As the name suggests this museum was originally a station in Sunderland.It was built in 1848 to a design by Thomas Moore and was once the main railway station in the city. The railway station closed in March 1967 as a result of the Beeching Axe and featured a restored booking office dating from the Edwardian period. The station has once again been brought to life through inspiring and interactive displays, telling the story of an age when Monkwearmouth was the main station for the city and the building buzzed with the excitement of the people passing through. The Museum houses seven interactive galleries, including a specially designed Children's Gallery. The track is still in use and you can watch trains pass by as well as 'drive' a full-size bus cab. This is a great place for anybody interested in the railways as they have a wonderfully comprehensive collection relating to a fascinating bygone era.
The name Monkwearmouth is of significance as it is at the mouth of the River Wear and once the home of a very famous monk, The Venerable Bede, the aouthor of the first history of England. The monastery was founded in 674 by Benedict Biscop, first with the establishment of the monastery of St Peter's, Monkwearmouth on land given by Egfrid, King of Northumbria. His idea was to build a model monastery for England, sharing his knowledge of the experience of the Roman traditions in an area previously more influenced by Celtic Christianity stemming from missionaries of Melrose and Iona. A papal letter in 678 exempted the monastery from external control, and in 682 the king was so delighted at the success of St Peter's, he gave Benedict more land in Jarrow and urged him to build a second monastery. Benedict erected a sister foundation (St Paul) at Jarrow, appointing Ceolfrith as its superior, who left Monkwearmouth with 20 monks (including his protégé the young Bede) to start the foundation in Jarrow. Benedict brought workmen from Francia to build these churches, the first ecclesiastical structures in Britain built of stone, and furnished it with glass windows, pictures, service books and the library he had collected on his travels. Window glass being unusual in England at the time, Benedict imported glassmakers from Francia, who established a workshop at the Monkwearmouth site, which stands on a nearby site on the river Wear.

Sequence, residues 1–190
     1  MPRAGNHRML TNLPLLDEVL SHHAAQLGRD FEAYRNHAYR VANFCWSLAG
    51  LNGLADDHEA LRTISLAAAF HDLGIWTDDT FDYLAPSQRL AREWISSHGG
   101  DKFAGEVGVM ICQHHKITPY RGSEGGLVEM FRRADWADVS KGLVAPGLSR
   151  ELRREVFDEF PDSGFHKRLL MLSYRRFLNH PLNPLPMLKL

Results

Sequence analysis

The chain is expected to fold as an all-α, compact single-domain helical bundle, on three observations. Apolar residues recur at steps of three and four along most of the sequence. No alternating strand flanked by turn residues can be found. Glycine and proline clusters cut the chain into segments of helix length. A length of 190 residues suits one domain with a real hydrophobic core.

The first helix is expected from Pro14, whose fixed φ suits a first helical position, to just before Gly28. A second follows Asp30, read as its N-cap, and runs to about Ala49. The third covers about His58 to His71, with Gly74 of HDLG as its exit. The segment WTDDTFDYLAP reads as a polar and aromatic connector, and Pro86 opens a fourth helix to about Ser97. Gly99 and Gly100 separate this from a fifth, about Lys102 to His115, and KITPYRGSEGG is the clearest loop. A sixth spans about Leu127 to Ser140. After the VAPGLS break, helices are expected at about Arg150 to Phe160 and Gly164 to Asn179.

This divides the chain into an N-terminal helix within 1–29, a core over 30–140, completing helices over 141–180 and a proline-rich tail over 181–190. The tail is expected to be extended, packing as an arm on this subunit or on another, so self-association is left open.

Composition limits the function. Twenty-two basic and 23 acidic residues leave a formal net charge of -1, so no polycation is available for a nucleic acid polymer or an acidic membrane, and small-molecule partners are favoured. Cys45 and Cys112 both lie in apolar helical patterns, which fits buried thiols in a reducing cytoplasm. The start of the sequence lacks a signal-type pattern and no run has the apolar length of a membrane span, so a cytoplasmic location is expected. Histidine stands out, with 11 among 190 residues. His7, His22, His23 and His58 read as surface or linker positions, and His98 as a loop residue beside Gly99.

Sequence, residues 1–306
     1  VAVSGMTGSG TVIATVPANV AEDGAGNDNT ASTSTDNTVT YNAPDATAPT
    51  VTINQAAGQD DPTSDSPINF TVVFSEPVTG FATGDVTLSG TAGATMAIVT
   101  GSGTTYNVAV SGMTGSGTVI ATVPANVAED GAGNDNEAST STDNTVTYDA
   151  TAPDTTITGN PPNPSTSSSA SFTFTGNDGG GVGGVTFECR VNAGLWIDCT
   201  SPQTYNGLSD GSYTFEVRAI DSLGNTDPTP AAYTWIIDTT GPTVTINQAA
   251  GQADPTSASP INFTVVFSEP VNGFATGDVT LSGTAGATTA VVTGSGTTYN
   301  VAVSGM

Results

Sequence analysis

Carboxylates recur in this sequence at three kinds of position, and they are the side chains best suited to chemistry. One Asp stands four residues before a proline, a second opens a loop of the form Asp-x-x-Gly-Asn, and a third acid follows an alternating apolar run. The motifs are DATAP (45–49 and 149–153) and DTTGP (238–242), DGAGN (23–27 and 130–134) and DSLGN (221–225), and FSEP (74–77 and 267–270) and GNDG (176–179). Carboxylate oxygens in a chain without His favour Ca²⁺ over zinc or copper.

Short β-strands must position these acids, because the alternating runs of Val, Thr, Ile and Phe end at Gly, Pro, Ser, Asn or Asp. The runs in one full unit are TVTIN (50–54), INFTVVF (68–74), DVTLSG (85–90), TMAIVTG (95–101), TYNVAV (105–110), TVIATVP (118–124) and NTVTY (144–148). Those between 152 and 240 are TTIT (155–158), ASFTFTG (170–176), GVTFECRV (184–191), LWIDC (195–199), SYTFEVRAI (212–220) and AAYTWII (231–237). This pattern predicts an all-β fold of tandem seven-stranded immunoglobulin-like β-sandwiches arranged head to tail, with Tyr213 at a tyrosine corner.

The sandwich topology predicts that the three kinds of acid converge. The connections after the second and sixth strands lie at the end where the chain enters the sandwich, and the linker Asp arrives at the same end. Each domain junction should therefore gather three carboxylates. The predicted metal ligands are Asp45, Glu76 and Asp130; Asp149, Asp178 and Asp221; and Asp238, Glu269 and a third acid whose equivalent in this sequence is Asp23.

The library Benedict had created on his travels to Rome and then given to the monastery made it the cradle not only of English art but of English literature – Jarrow is where the Venerable Bede received his early education under Ceolfrith's patronage and lived, wrote and died as a monk. By his death Bede had established himself as England's leading scriptural and historical authority, and was to have a vital post-mortem influence on the fortunes of the monastery. Bede's writings, most importantly his Historia ecclesiastica gentis Anglorum, became so popular in the 8th century that they not only assured the reputation of the houses, but influenced the development of Monkwearmouth-Jarrow's distinctive insular minuscule script, developed to increase the speed of book production. All Areas Accessible to Disabled Visitors. Guide Dogs Permitted. Parking Areas for Disabled Visitors. Ramp / Level Access. Toilets for Disabled Visitors.
Location : North Bridge St, Sunderland SR5 1AP
Transport: St Peters (Green Line). Bus routes X36 stops outside and 700 and 701 stop nearby.
Opening Times: Monday to Saturday 10:00 to 17:00. Sunday 14:00 to 17:00
Tickets: Free Guided Tours on Heritage Open Days
Tel: 0191 567 7075